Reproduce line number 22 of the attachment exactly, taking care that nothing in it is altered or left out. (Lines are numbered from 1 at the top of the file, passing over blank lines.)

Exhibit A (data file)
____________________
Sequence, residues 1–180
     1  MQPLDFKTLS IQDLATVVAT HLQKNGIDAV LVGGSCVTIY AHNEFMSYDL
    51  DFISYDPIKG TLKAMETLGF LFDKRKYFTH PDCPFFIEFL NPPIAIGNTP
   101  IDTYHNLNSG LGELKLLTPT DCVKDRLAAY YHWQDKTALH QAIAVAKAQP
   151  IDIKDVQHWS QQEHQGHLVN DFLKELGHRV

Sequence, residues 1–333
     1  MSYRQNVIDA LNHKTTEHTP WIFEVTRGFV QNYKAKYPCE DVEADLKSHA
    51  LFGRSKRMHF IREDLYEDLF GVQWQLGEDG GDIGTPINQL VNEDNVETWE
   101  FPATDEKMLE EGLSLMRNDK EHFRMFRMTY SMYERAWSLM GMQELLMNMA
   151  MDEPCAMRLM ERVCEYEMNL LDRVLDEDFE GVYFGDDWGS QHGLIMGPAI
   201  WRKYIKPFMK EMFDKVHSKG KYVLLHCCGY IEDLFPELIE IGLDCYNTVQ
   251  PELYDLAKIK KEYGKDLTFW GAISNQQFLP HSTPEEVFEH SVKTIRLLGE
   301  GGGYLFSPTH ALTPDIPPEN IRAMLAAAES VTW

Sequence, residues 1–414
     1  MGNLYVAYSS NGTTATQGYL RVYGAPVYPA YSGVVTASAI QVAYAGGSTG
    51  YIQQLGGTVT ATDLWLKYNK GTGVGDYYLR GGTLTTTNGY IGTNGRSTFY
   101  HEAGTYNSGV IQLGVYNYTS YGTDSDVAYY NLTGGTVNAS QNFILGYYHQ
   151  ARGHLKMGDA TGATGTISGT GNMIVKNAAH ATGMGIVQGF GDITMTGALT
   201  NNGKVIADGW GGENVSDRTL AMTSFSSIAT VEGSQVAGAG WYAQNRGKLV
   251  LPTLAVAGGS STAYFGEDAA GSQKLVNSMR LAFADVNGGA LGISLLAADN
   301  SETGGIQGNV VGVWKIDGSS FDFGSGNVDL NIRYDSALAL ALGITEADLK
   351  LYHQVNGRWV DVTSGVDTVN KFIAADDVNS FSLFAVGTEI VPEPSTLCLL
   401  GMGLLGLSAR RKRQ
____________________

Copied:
   351  LYHQVNGRWV DVTSGVDTVN KFIAADDVNS FSLFAVGTEI VPEPSTLCLL